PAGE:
Originally created 12/16/06

Across Georgia



Fired police recruits can get certification

ATLANTA - Some of the police recruits dismissed earlier this year for cheating on a test are eligible to become law enforcers again.

The Georgia Peace Officer Standards and Training Council has sent notices to 11 of the fired Cobb County police recruits telling them they can be certified, their lawyers said Thursday.

The certification covers a 24-month probationary period once a recruit is hired by a law enforcement agency. The recruit would have to complete an ethics and professionalism course.

The 11 recruits, represented by Philip A. Holloway and Adam S. Jaffe, signed an affidavit in September saying academy instructors routinely told them they were expected to pass exams no matter what. They also said instructors encouraged them to work together.

Security guards can carry guns at schools

ATHENS - The Clarke County Board of Education has decided to create a school district police force and allow two high school security supervisors to carry guns on campus.

Until now, school resource officers - police officers and a sheriff's deputy assigned to the district's middle and high schools - were the only people permitted to carry guns on campuses.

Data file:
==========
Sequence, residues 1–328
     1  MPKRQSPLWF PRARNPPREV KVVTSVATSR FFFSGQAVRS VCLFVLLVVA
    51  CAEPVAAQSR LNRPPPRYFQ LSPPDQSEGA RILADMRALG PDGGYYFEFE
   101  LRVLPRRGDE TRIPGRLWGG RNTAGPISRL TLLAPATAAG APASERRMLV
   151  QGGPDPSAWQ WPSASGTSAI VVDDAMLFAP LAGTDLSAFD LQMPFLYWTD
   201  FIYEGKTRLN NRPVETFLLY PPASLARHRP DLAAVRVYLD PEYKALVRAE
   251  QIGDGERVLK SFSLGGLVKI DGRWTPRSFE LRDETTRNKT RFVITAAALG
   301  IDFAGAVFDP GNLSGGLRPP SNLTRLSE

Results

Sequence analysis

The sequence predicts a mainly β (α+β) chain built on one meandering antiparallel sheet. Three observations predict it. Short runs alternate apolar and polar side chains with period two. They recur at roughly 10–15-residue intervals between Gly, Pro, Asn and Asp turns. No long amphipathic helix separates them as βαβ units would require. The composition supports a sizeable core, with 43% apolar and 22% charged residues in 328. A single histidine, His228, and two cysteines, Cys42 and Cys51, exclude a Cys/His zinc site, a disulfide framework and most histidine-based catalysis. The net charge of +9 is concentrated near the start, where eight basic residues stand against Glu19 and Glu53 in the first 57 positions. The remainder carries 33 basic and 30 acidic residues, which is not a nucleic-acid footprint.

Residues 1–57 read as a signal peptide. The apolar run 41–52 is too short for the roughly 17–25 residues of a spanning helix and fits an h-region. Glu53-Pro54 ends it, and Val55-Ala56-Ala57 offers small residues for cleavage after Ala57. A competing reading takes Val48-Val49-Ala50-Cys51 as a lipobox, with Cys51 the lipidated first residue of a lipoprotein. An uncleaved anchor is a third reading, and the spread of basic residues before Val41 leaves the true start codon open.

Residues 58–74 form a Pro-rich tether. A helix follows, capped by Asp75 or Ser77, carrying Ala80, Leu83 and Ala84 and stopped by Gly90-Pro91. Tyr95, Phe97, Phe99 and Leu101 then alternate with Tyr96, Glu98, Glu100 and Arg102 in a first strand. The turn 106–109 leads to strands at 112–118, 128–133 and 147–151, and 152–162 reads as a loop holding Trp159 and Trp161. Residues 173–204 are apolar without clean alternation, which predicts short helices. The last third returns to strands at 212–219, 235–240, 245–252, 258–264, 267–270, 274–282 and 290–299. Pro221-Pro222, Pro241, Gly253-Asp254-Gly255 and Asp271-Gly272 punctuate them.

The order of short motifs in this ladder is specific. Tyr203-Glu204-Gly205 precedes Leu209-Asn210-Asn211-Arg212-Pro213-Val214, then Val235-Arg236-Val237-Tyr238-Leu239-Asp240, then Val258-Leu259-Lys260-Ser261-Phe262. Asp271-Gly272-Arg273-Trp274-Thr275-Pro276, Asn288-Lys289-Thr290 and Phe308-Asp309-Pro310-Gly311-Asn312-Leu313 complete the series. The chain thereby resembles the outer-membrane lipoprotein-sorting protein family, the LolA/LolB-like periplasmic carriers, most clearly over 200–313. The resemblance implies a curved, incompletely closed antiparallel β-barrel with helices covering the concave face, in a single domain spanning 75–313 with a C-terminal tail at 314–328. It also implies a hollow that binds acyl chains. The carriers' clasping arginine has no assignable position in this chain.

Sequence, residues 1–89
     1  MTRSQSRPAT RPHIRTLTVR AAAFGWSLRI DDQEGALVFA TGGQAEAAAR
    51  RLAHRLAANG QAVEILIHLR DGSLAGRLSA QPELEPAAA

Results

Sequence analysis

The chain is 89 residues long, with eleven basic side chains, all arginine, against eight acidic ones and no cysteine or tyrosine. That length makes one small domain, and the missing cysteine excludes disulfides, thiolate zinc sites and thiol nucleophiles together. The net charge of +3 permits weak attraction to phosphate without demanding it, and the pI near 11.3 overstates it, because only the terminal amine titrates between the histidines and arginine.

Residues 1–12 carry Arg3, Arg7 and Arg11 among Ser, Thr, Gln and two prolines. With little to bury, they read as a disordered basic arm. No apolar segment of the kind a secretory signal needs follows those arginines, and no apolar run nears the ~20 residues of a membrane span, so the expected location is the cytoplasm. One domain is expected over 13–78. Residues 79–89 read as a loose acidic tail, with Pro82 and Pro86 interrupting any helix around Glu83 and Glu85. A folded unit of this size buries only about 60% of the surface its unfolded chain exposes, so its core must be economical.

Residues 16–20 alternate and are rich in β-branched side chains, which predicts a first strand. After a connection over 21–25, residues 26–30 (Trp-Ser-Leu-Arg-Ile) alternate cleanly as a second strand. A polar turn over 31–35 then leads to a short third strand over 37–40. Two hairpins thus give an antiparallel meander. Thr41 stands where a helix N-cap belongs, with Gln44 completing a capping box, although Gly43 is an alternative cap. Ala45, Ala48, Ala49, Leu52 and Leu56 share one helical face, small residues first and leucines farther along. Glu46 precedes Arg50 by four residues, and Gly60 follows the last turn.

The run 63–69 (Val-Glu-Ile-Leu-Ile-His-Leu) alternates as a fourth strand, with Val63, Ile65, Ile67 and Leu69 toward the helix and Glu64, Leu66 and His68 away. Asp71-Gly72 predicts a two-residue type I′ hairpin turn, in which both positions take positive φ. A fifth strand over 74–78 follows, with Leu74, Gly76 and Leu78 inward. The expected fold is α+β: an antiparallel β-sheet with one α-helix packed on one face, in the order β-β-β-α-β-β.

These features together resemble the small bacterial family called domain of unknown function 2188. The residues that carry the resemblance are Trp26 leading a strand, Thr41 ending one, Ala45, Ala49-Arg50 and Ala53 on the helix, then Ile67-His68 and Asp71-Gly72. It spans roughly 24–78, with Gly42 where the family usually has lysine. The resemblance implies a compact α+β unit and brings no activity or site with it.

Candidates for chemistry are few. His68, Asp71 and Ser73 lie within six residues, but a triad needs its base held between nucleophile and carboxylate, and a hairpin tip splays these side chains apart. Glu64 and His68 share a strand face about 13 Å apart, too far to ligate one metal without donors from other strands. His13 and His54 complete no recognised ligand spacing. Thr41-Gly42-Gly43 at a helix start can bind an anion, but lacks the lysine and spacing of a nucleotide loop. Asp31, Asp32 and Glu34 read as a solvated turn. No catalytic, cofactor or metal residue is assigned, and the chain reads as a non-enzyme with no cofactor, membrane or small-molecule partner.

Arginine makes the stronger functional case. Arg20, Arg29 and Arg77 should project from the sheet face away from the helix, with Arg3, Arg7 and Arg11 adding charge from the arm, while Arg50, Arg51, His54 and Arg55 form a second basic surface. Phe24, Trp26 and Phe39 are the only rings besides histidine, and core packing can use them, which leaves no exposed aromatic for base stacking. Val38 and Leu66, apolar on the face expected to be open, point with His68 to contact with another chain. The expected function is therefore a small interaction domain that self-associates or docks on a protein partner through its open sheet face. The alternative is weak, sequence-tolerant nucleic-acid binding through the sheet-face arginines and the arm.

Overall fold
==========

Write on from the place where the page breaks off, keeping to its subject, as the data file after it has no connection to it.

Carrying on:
The vote came about a month after two young men who were chasing an escaped pit bulldog on the Clarke Central campus were injured when a school resource officer fired at the dog and wounded it.

Police said the bullet hit the dog, then struck the ground, sending fragments at the dog's owner and his roommate. The men's injuries were described as minor, and the dog's were not life-threatening, officials said.

Atlanta giant panda cub named after vote

ATLANTA - The country's newest giant panda cub has a name - Mei Lan.

The moniker, which means Atlanta Beauty, was the top vote-getter in an online poll at The Atlanta Journal-Constitution's Web site. The 10 names included in the poll were chosen by the zoo, local media organizations and residents in the Sichuan Province of China, where the cub's parents were born.

Tax assessors trying to save their jobs

MACON - Facing mandatory removal, Bibb County's tax assessors have peppered county commissioners with a mixture of allegations and explanations in a bid to save their jobs.

Assessors have been under fire because of a late tax digest, more than 18,000 appeals after this year's property revaluation and a scathing review from the state Department of Revenue. Commissioners last month called for the board of assessors to resign.

- Edited from wire reports